206 Elgin St., Sudbury, Ontario, P3E-3N5. (705) 674-6883. This bar and old hotel sits next to the Sudbury Community Arena and across the street from the old train station in downtown Sudbury, Ontario, Canada. The building went up in approximately 1902 and has served the city as a livery stable, a post-war centre, a pharmacy, the unemployment centre, many restaurants and taverns. From the late 1960’s through the 70’s and the early 80’s, this was the place that your parents warned you about. The main floor had long been several different lounges with names like The Stope, The Nickel Bin and The Hop. The restaurant in the basement was closed down in the 70’s and the room on the main floor was turned into one single room. There were no windows and the clientele was rough.
In 1986 Maurice Desjardins bought the Townehouse Tavern and he and his family set out to run the business. The first few years were rough as sons Maury, Bernie and Rick constantly battled the rough edges of downtown. The country band circuit gave way to a few of the town’s young rock bands like the classics Budget Motel, and Galahad’s Pad. North Bay’s Molly Maguires came over to do some weekends and word started to get out that the Townehouse was going rock.
In the spring of 1991, young Toronto agent RJ Guha was looking for a venue for The Corndogs to play on their way out on tour. The Sudbury scene was sporting a few gigs at The Coach House, The Edge, The International and The Coulson Hotel at the time, and other than that… unless CFLR radio at Laurentian threw a hall show for you, then there wasn’t much going on for interesting music to travel through this town. Well, friends talk to other friends and so on and the next thing you know, RJ is calling Bernie, now booking the bar, to ask for a gig for the Corndogs. The band had some well played records on the Campus and community radio station, CFLR and it brought out a ton of nice kids who didn’t fight and drank up a storm. The light bulb went off and Bernie decided that he would get more of those bands that brought out the friendly crowd… Imagine… not having to fight every night. The flood gates were opened as Canada’s music scene was filled to the brim with bands on the road in 1991. Everyone wanted to see bands. Everyone loved live music. King Apparatus, the Bourbon Tabernacle Choir, Me Mom and Morgantaler, The Leslie Spit Trio, Skaface, The Thomas Trio, The Hopping Penguins, One, Skavenjah, Roots Roundup, Razor, The razorbacks, Celtic Blue, The Morganfields, Jack deKeyser, The Wetspots, The Ripcordz, UIC, the Asexuals, the Leather Uppers, Dead Beat Back Bone, The Imagineers, Mother Tongue, and so many more all played the bar in the first year or so.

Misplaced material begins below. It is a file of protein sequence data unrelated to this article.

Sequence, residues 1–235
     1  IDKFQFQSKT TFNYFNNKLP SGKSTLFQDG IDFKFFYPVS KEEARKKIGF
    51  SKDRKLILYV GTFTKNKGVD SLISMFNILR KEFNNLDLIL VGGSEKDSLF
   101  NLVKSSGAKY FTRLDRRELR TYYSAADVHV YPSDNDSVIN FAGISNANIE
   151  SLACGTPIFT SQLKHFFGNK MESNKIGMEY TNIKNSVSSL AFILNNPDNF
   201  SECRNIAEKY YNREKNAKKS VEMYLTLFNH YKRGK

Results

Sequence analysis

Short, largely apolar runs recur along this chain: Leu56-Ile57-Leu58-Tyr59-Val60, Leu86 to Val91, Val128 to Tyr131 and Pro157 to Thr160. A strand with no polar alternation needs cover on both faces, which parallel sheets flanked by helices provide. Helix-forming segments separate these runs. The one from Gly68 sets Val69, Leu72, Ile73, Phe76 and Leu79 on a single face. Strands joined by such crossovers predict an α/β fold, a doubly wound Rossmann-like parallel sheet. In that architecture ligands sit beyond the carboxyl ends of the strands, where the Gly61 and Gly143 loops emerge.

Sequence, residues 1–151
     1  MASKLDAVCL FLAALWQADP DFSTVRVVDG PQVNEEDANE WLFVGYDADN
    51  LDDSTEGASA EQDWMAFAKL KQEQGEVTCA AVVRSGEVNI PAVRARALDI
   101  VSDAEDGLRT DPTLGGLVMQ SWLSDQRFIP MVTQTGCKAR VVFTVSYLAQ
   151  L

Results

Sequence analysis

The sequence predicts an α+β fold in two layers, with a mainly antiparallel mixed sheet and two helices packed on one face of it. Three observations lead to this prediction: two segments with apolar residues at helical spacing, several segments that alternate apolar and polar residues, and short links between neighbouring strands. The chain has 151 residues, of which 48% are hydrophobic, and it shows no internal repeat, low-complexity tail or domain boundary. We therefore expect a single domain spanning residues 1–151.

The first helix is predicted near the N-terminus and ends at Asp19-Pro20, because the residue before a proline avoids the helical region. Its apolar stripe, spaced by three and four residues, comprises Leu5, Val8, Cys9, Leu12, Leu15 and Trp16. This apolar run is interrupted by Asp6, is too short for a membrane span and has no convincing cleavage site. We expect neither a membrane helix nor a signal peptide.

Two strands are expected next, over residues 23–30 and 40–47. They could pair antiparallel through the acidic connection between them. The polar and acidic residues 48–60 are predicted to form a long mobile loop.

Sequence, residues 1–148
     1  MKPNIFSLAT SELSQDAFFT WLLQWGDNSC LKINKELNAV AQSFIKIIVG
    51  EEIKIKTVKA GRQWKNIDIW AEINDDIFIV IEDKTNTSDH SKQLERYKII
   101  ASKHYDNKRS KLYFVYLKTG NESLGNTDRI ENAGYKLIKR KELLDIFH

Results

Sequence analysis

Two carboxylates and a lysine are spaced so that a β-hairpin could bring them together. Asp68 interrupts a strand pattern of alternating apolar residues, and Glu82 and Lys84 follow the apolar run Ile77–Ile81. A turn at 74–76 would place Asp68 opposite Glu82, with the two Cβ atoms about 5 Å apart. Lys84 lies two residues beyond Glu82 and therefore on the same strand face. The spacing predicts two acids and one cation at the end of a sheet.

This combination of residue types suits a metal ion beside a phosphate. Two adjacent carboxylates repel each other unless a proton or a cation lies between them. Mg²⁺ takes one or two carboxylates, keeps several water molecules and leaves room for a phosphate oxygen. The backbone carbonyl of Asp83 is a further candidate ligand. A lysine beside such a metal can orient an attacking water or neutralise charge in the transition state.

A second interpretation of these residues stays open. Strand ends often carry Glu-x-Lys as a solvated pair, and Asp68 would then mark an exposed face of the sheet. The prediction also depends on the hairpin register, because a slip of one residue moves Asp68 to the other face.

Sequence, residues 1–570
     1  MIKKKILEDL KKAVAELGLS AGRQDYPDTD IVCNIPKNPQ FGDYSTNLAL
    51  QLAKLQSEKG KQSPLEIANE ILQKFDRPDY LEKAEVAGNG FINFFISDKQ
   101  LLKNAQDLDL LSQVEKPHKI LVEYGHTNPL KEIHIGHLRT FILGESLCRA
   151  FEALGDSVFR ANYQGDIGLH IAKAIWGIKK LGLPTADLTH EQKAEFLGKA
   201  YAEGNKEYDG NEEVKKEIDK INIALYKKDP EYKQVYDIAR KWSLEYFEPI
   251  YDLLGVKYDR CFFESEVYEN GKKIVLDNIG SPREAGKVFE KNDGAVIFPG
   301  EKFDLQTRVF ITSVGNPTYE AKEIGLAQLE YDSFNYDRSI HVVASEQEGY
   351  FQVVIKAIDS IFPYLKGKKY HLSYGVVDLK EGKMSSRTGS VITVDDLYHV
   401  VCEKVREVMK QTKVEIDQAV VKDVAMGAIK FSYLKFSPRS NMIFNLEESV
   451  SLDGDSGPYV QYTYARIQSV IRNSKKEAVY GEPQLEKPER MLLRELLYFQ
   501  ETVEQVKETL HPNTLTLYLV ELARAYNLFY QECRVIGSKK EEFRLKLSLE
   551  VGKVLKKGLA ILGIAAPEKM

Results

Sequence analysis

The key from the very start was to have your own P.A. SoundManJamie hooked Bernie up with some power amps, some EQ’s, good Renkus-Heinz speakers and a Tascam mixing console. You should have seen these tiny little wedge monitors we had back then… I can’t believe that bands like the Bourbons actually played with what we had. SoundManAl ran that system for about five years until it was worn out. SoundManDoug took over in the spring of ’95 and bandaged the P.A. together for another 7 years past its expiry date. In the last two years we have replaced nearly everything except for the boxes that the top speakers came in and two of the old EV power amps are still going!! SoundManLuke took over from Doug in November 2003 and has been mixing since.